Top 5 Takeaways

  1. Similar Adverse Reaction Frequencies: Children aged 5–11 years reported local and systemic reactions to the Pfizer-BioNTech COVID-19 vaccine booster dose with similar frequency as after the second dose, but with variations in severity.
  2. Vaccine Administration Errors Most Common: The most frequently reported adverse events were related to vaccine administration errors, highlighting the need for additional provider education.
  3. Rare Serious Adverse Events: Serious adverse events were rare, with no reports of myocarditis or death following the third dose among this age group.
  4. Impact on Daily Activities: A small percentage of children experienced reactions severe enough to prevent attendance at school or disrupt daily activities, though these instances were less common than after the second dose.
  5. Continued Safety Monitoring: Initial safety findings are consistent with clinical trial results, reinforcing the vaccine’s safety. The CDC and FDA will continue to monitor for adverse events to update recommendations as needed.

Original Article Author and Citation

Corresponding Author

Anne M. Hause,

Suggested Citation

Hause AM, Baggs J, Marquez P, et al. Safety Monitoring of Pfizer-BioNTech COVID-19 Vaccine Booster Doses Among Children Aged 5–11 Years — United States, May 17–July 31, 2022. MMWR Morb Mortal Wkly Rep 2022;71:1047–1051. DOI:


This MMWR article discusses the safety monitoring of Pfizer-BioNTech COVID-19 vaccine booster doses among children aged 5–11 years in the United States from May 17 to July 31, 2022. Approximately 657,302 third doses were administered, with adverse events reported through the v-safe and Vaccine Adverse Event Reporting System (VAERS). The findings underscore similar frequencies of local and systemic reactions between second and third doses, with specific reactions varying in severity. The prevalence of serious adverse events was low, with no cases of myocarditis or death reported following the third dose.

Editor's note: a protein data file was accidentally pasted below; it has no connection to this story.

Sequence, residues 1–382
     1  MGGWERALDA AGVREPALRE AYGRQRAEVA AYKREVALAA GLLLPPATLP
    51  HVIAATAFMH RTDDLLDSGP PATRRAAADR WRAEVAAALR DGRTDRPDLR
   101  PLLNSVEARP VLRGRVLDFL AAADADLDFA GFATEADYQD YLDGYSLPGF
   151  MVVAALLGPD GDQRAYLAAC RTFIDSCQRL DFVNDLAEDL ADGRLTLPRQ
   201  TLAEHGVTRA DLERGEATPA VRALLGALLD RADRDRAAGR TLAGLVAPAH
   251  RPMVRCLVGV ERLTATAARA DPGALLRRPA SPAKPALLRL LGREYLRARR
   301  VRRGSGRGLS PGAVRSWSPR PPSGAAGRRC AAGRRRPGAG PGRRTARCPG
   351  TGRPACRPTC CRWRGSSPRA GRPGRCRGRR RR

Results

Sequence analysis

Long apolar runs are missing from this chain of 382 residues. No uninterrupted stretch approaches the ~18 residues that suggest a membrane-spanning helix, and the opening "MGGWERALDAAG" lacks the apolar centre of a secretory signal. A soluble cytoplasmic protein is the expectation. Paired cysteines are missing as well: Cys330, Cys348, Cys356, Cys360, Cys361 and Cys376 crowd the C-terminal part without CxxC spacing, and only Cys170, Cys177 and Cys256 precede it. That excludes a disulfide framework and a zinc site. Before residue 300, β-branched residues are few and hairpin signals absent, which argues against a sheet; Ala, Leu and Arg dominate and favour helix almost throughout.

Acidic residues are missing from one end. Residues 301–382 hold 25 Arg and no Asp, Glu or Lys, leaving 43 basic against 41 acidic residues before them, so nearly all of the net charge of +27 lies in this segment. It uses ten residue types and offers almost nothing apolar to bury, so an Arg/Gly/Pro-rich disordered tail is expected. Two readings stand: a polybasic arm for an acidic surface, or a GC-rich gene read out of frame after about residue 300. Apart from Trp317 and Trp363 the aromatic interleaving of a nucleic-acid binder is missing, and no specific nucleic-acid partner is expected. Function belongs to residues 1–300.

The CDC reviewed adverse events reported to v-safe, a voluntary smartphone-based safety surveillance system, and VAERS, a passive vaccine safety surveillance system co-managed by the CDC and FDA. The review included reports of local and systemic reactions, vaccine administration errors, and serious adverse events among children aged 5–11 years who received a third Pfizer-BioNTech dose.


The discussion highlights the importance of continuous monitoring for vaccine safety and the rarity of serious adverse events following the third dose in children aged 5–11 years. The similarity in adverse reaction frequencies after the second and third doses aligns with clinical trial findings, reinforcing the vaccine’s safety profile. The most common adverse events reported were vaccine administration errors, suggesting the need for further provider education to prevent such errors.


The preliminary safety findings from the administration of Pfizer-BioNTech COVID-19 booster doses to children aged 5–11 years are generally consistent with clinical trial results, supporting the vaccine’s safety in this population. Serious adverse events after the third dose are rare, and local and systemic reactions are similar to those observed after the second dose. Ongoing safety monitoring will help guide future vaccination recommendations.

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